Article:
Radiant intermission having tapered into a minor collapsar, the glint of its intrigue simmering in Cimmerian subsidence, seriously proggy trio Don’t Trip (guitar, drums, and bass — www.facebook.com/donttriplb) took the floor and went straight into the crisp and tortured brevity of three smoking tracks, no mere contact incendiaries, these; a set of tripped-out strains–and I mean strained, contortedly referencing jazz, throughout which percussive irregularities proved a kick; evolutions of complexly involuted calculi coiled around an electric six-string cacophony, pullulantly budding toward indulcet, though dextrously facile post-graduate computations one could follow–but only just–each instrumental pulling you further into the realization that there may never be any ‘Ah!’ moment of apprehension into the schizoid cerebrations of their sonics.
In essaying an apt conclusion to the second song, variables having exhausted constants, they hit the feel of a fugitive X-factor snag, perhaps a disarticulation of the corpus for the sheer pleasure of putting it back together (or does a facepalm of absolution devolve upon me for rank impercipience of intent?); when, emerging from a brevity of dissuasion, having closed that chapter, they picked up for the final track waving polynomial aloft; all flats sharpened; new postulate advanced. Plummeting into the final song’s white noise meltdown of a guitar at integral variance with harmony, the band harried their notes down the circuit board toward the Enter key; this, sustained unto being championed throughout the set, by a veritably monumental pillar of electric bass playing of a wicked competency, the first time I’ve witnessed the shredding of that instrument, only smoldering remnants of which survived to the terminal notes in the ashen wake of unlawful music theory: the wastage was total.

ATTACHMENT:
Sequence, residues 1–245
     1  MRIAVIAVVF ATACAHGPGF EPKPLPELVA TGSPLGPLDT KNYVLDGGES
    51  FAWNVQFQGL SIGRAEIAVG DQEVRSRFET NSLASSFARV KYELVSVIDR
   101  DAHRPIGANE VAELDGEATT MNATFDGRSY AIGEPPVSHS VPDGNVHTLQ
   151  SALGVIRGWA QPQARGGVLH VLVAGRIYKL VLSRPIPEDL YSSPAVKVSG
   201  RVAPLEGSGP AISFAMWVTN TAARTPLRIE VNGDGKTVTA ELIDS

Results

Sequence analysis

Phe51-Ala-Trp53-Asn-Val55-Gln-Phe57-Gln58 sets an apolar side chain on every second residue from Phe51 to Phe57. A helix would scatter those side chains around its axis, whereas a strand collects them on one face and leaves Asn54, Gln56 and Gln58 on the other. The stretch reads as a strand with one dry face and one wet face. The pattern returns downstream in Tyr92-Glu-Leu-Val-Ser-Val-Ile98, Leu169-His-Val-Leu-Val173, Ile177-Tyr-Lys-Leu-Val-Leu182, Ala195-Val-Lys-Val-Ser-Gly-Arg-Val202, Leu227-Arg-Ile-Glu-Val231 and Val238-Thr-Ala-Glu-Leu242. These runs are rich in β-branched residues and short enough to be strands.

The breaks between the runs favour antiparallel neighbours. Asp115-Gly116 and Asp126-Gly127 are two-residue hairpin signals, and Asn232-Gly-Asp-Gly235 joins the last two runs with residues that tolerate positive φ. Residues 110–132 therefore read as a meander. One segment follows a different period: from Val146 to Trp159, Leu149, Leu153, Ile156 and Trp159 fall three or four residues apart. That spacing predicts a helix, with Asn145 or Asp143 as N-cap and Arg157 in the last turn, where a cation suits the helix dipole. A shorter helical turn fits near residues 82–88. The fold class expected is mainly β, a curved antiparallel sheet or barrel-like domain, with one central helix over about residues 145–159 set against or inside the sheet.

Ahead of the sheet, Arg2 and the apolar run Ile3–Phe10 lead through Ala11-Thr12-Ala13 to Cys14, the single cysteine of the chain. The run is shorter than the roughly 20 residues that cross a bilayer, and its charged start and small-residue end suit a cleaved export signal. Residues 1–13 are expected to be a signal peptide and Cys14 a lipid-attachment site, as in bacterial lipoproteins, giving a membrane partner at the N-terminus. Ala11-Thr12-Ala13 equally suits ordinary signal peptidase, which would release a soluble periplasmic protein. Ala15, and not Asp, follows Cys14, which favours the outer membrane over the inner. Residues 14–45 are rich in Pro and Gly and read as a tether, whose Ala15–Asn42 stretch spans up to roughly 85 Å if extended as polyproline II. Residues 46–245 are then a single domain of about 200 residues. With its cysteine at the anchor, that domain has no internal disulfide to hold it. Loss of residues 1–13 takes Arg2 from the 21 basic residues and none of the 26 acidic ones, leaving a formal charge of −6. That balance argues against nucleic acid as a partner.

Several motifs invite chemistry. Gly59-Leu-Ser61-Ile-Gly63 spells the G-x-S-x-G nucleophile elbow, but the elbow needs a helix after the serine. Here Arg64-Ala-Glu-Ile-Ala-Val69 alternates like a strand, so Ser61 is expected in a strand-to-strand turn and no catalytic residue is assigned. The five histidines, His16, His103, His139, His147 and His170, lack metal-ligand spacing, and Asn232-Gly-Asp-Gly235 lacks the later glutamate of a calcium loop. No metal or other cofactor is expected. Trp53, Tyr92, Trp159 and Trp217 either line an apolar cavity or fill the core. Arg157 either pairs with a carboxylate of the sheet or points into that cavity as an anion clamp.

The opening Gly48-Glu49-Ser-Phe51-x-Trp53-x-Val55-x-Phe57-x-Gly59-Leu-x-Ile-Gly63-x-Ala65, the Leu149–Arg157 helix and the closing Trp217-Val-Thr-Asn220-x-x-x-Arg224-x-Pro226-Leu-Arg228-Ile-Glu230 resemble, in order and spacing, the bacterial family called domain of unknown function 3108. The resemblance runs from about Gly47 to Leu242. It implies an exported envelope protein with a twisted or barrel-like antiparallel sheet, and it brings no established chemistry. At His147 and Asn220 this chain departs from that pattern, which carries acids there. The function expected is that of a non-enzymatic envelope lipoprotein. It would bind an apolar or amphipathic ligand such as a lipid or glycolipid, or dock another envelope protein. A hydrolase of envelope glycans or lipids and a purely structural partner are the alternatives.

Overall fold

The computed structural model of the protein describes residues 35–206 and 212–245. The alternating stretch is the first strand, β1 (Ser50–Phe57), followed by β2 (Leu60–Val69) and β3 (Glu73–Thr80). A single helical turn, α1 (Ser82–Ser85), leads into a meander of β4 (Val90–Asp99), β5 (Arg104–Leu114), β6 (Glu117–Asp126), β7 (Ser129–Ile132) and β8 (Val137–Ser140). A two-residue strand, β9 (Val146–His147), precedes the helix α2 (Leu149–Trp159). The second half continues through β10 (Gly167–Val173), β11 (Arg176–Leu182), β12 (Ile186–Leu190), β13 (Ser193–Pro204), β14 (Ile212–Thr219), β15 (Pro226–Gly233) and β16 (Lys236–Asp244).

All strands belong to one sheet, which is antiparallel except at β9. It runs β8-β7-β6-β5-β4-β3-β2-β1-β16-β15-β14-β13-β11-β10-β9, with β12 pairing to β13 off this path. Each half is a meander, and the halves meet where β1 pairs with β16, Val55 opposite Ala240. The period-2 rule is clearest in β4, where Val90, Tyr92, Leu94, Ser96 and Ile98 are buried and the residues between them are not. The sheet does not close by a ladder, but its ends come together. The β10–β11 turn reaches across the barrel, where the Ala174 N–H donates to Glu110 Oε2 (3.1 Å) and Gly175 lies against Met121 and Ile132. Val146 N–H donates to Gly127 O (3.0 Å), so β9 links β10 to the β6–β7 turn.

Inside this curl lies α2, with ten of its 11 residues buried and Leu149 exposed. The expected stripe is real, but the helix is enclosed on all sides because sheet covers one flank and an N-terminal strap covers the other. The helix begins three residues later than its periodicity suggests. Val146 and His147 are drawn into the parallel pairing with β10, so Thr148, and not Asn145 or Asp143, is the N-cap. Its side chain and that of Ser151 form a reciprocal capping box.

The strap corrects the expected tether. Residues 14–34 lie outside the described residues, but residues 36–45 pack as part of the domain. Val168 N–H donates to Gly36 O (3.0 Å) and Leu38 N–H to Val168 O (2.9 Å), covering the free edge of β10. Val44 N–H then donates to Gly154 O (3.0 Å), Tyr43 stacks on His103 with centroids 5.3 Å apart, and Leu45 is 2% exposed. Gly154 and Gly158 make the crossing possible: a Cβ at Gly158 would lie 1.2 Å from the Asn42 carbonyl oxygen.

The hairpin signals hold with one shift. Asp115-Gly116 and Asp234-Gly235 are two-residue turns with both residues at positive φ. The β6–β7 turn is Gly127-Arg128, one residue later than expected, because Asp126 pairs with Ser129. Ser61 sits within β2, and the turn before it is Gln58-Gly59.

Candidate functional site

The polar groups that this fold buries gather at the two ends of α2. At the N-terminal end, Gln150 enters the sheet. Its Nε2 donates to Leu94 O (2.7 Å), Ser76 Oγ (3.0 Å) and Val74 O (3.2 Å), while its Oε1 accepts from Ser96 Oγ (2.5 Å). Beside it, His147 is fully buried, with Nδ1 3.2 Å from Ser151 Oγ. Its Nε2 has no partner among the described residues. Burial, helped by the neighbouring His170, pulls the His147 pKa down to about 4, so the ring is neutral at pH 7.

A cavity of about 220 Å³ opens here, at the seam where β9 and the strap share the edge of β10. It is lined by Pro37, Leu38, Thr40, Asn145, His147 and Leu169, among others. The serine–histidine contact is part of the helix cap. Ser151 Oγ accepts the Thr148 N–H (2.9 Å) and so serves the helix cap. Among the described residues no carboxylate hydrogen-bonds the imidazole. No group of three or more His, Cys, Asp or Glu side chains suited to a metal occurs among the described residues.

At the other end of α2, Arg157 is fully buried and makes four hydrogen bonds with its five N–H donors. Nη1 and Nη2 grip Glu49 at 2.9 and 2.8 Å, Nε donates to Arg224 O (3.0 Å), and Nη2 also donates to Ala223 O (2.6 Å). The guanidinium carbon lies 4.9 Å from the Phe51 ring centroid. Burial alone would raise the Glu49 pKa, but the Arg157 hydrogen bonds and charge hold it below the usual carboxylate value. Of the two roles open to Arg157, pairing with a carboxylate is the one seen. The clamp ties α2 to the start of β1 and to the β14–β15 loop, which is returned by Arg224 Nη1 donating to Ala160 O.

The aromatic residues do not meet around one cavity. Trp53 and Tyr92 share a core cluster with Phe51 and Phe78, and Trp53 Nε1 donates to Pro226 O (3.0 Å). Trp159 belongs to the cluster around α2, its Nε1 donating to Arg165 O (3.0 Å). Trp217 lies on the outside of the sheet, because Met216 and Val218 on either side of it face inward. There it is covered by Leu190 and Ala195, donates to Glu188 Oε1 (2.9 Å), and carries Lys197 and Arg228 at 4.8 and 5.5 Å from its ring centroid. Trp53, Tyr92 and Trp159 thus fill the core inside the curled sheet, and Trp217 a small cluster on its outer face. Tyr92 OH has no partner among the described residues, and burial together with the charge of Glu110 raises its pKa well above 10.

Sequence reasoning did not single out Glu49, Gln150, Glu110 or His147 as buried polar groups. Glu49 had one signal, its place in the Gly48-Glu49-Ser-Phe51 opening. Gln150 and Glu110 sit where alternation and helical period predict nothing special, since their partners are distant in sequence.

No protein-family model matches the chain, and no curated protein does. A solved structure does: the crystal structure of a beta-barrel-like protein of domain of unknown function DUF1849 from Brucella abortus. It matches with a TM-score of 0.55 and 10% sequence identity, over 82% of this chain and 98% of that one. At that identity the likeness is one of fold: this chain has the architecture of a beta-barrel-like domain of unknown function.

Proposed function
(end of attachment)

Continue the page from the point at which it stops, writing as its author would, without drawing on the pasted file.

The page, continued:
Meanwhile, the treat of an environing local color served as backdrop for both bands to play against, a montage of mixed media, variously carved, painted, sculpted, and otherwise wrought by artist Rachel Hillberg (www.rachelhillberg.com), the motif of recreated domesticities, prominent. Other forms, in various removes of development, or dissolution–the option of which was left to the beholder’s imagination–were on offer, her display crowned by an especially notable piece mysteriously designated ‘2931 A’, a surrealized domicile both quaint and fantastic; and very literally off the wall, right out of what had been the irreplicable imagination of one Ted Geisel; who, late of a certain disquieting breakfast travelog of storied undesire, left, it might seem, one specimen out of his oeuvre. Detailed here by the artist, en bois, with the grinning esprit of the momently moonstruck, the spectator preceding you knows, with almost a smirk, that you did a double take–and smiled pleasurably in receipt of the moment.